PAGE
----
LPG Australia supports the parts of the Tax Laws Amendment (2012 Measures No. 3) Bill 2012 and related bills that seek to exclude the blending of gaseous fuels, where the same rate of tax does not apply to each amount in the blend, from being treated as excise manufacture and subject to additional duty. Moreover, LPG Australia considers these proposed amendments would achieve their objective.[15]

Main issues

Excise and excise equivalent customs duty was applied to Liquid Petroleum Gas (LPG), Liquid Natural Gas (LNG) and CNG (Compressed Natural Gas)  (which are referred to collectively as the gaseous fuels) intended for use in an internal combustion engine for road transport on 1 December 2011.  Non-transport LPG and LNG is also subject to duty.  However, the duty, under current law is fully remitted via a customs or excise remission.  CNG manufactured for a non-transport use is exempt and therefore not subject to excise or excise equivalent customs duty.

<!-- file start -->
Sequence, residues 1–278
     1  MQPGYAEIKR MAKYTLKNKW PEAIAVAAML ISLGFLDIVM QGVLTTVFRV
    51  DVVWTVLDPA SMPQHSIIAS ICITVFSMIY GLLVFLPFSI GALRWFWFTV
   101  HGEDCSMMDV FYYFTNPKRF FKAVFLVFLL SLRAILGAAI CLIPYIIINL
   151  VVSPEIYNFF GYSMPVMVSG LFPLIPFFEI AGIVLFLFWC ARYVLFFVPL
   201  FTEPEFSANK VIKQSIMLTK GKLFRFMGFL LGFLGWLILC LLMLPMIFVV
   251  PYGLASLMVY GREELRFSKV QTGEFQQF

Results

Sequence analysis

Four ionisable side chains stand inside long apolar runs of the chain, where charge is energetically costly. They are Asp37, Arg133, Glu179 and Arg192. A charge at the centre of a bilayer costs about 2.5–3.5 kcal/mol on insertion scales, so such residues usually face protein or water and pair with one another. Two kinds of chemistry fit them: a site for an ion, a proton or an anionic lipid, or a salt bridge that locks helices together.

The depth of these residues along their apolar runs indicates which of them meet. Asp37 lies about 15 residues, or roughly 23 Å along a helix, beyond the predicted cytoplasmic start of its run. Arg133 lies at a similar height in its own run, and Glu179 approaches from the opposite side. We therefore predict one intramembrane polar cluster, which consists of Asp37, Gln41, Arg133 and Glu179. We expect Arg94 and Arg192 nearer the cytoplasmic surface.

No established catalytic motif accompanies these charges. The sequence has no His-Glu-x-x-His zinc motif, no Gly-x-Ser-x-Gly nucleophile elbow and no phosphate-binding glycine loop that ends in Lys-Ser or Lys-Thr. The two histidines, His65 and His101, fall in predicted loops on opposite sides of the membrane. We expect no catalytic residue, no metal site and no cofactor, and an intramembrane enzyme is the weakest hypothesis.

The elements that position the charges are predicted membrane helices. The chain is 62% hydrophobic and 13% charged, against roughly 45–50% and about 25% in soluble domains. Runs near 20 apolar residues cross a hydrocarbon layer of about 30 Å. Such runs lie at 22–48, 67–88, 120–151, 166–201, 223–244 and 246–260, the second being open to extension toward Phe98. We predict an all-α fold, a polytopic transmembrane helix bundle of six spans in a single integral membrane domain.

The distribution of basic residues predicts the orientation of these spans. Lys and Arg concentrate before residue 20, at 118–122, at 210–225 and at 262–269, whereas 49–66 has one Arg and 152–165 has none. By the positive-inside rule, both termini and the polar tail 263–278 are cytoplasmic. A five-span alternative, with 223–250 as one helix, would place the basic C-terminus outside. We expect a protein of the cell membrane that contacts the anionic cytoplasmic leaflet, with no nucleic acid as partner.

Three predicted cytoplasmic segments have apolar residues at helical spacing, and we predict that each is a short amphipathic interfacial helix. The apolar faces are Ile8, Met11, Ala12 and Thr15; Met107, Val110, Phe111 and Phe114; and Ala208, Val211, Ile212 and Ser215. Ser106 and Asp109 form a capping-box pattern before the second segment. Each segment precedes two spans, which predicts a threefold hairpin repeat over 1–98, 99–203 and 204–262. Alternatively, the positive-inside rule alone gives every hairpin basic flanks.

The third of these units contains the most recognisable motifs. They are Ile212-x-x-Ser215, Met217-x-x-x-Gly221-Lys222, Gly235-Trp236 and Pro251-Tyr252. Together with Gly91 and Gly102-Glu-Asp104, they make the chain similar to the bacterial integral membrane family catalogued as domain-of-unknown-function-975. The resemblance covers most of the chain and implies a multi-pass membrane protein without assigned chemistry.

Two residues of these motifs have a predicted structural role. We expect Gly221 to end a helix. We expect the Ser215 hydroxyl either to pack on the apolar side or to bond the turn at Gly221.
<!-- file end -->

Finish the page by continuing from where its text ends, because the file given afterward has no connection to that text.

Excise and excise equivalent customs duty on the transport gaseous fuels is to be phased in over the period 1 December 2011 to 1 July 2015, with the final full rate applying from 1 July 2015.

A situation of blends of fuels taxed at different rates giving rise to additional fuel tax arises when an effective carbon charge is applied to non-transport use LPG and LNG using the fuel tax system.  In this circumstance, the full remission that currently applies is reduced to a partial remission from 1 July 2012 to 30 June 2013.  Around the beginning and end of this period, under current law, the blending would constitute excise manufacture and the resultant blend would be subject to duty. (For further discussion of this issue, please see the Explanatory Memorandum).[16]

Key provisions